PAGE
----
The word “subcontractor” has gradually gone out of vogue. Break it into its two natural parts and you'll see why: The prefix “sub-“ means “under,” “below,” or “beneath.”

The movement away from “subcontractor” toward “trade contractor” isn't just a product of increased sensitivity and political correctness. Rather, it reflects a shift in the prevailing attitude that trade contractors are inferior to general contractors. The new philosophy is that trades are most effective working with remodelers and builders, not for them. “We look at [trades] as an extension of our business,” says Bill Fannin, co-owner of Post & Beam Design Build, in Forest Hill, Md. “We're just as concerned about their bottom line as we are about ours.” Those sentiments were echoed by nearly everyone — remodelers and trade contractors — interviewed for this story. That a strong working relationship between the two is mutually beneficial and profitable seems indisputable.

IT'S A MATCH Working efficiently with trade partners means identifying companies that have values and goals that mirror your own. To find the right trade contractor, remodelers must first “figure out what kind of remodeler they are,” according to Dick Cissel, president of Apple Electrical Services, in College Park, Md. For example, “If they are trying to be a budget-conscious remodeler, they need to use electricians and plumbers who are also budget-conscious.”

The closer you align your business with your trade contractors', the closer you'll be to being a team. Remodelers and trade contractors who have accomplished this goal note that they are more effective overcoming the unforeseen obstacles that are inevitable in any remodeling project. “Very few problems are one person's fault,” Cissel says. He adds that the best way to approach them is not for the remodeler to ask the trade “What are you going to do about it?” Instead, both parties should ask themselves and each other “What are we going to do about it?”

Jim Strite, president of Strite Design + Remodeling, in Boise, Idaho, strongly believes that good trade contractors are essential to his company's success. “We're looking for raving fans,” he says, “and that applies to trades as well as clients.” Strite has paid for personality profiling for some trades, so that his project managers can learn to communicate better with them. He's also given them the kind of training he might give an employee (such as “The Seven Habits of Highly Effective People” seminars), and says he consults with them on business practices, even helping with a succession plan, in one instance.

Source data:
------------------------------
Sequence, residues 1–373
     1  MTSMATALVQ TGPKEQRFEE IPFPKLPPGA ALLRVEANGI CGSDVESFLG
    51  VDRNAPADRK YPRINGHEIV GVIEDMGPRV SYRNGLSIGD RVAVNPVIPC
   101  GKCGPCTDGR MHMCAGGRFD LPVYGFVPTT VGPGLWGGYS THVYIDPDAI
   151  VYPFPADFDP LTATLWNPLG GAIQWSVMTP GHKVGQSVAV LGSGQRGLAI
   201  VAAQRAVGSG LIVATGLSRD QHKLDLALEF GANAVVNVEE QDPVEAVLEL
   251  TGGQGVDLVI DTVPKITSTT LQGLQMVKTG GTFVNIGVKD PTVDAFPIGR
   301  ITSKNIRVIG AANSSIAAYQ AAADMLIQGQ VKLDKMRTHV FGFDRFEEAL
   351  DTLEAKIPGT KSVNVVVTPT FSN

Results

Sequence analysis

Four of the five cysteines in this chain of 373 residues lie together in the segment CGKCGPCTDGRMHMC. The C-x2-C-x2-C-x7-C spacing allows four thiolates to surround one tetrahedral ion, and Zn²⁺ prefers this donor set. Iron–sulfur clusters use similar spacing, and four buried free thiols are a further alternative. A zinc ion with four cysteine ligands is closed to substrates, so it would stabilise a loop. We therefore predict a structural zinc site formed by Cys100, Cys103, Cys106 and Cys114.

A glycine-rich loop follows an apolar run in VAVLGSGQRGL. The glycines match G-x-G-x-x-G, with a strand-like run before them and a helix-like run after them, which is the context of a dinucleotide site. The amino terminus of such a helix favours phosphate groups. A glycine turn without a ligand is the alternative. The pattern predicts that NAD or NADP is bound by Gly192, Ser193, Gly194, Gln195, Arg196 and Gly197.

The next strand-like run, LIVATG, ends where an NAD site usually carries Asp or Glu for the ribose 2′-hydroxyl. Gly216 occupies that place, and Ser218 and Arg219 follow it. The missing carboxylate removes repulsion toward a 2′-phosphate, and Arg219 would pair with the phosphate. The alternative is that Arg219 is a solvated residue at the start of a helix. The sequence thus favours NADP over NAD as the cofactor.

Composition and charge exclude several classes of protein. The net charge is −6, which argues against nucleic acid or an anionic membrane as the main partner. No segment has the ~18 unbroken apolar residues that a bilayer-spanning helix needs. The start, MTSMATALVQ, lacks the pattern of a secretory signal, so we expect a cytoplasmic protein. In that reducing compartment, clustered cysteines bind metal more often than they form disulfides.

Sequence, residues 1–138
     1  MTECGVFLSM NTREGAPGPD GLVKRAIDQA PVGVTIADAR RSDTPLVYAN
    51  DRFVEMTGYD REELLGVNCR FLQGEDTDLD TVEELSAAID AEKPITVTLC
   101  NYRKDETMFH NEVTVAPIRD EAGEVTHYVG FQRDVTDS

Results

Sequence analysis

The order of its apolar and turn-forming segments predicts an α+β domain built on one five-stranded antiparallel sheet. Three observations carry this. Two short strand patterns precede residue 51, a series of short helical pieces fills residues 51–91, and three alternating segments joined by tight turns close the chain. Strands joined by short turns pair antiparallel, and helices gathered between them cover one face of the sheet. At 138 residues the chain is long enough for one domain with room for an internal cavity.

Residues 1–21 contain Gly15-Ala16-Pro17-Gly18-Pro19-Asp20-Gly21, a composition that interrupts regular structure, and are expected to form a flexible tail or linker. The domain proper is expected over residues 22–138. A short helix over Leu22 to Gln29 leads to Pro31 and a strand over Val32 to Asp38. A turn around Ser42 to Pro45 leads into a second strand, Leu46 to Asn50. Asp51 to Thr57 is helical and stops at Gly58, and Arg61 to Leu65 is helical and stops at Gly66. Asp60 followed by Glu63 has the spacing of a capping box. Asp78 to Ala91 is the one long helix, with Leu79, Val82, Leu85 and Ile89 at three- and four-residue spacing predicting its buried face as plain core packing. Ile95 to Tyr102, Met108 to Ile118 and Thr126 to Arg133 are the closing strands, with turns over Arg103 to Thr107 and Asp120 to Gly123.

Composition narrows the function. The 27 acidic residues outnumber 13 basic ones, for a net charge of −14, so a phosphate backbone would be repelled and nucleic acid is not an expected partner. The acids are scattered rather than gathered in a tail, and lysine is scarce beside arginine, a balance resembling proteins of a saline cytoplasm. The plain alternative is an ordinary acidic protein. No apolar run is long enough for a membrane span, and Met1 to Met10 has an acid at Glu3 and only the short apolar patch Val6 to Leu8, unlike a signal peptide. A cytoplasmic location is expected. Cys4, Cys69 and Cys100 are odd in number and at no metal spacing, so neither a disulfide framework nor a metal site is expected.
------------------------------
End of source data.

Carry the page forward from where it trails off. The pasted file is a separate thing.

DO THE EARLY WORK There is no consensus among remodelers as to when to bring trades into a project. Even the trades themselves differ greatly in their preferences. Some don't like to be involved much until they're needed in the field — “I put in the pipes; I know how to do it and I'm good at it,” says Boise plumbing contractor Jim Romano — while others like to give as much input as they can. “I'd rather help establish the budget than have the remodeler make a wild guess,” Cissel says.

Strite likes to gather his trades for what he calls a “trades party” for medium-size and larger jobs. Together, they all go through the proposed design, discussing budget and potential trouble spots. “It gives them an opportunity to buy into the project so that once we start, they aren't coming back to us with stuff,” Strite says. “We impress upon them that they'll need to eat some of that if it occurs, but we give them the opportunity up front.”

Keep in mind that trade contractors aren't much different from remodelers. Both are small businesses for which time is money. Just as you may not want to be asked to come up with a design before receiving financial commitment from a homeowner, trades don't want to be asked to submit bids without a reasonable guarantee that they'll get the work. “The contractors who drive me crazy are the ones who aren't respectful of my time,” says Shane O'Harra, owner of Boise cabinetmaker and installer Timbercraft.

Before his “trades party,” Strite secures a design agreement from the client. “Trades know that if they are invited, they have a 75% chance of getting that project,” Strite says. “We're not inviting five electricians to bid on it. So only if they are way out of the ballpark on price, or if the client doesn't do the project [would they not get the job].”

But not all remodelers work with trades in this way. Those who don't, tend to think further in advance by getting general pricing information and keeping it handy. Geoff Horen, CEO of The Lifestyle Group, in Indianapolis, says that he typically does his estimating based on unit pricing. “If I have their pricing, I don't need to go through the process of getting a bid from them,” Horen says. He adds that he revisits pricing with individual trades every year or so — more often in the rare case where rising material prices necessitate an immediate change. If a trade initiates a price change, “anything already in the hopper remains under the old pricing,” Horen says.